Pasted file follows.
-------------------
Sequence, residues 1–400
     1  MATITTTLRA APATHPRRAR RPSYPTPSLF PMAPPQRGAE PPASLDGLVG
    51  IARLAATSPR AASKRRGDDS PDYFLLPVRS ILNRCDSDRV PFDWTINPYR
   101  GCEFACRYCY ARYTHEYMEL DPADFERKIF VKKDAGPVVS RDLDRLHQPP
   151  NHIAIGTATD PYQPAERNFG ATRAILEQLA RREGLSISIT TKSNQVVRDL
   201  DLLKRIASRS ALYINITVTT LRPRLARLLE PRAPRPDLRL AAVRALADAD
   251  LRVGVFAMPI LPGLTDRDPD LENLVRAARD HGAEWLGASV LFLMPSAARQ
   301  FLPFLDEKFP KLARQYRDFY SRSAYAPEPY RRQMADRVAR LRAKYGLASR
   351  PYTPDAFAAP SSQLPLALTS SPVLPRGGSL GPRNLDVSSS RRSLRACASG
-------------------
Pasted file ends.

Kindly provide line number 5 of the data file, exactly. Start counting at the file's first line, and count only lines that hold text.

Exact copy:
   151  NHIAIGTATD PYQPAERNFG ATRAILEQLA RREGLSISIT TKSNQVVRDL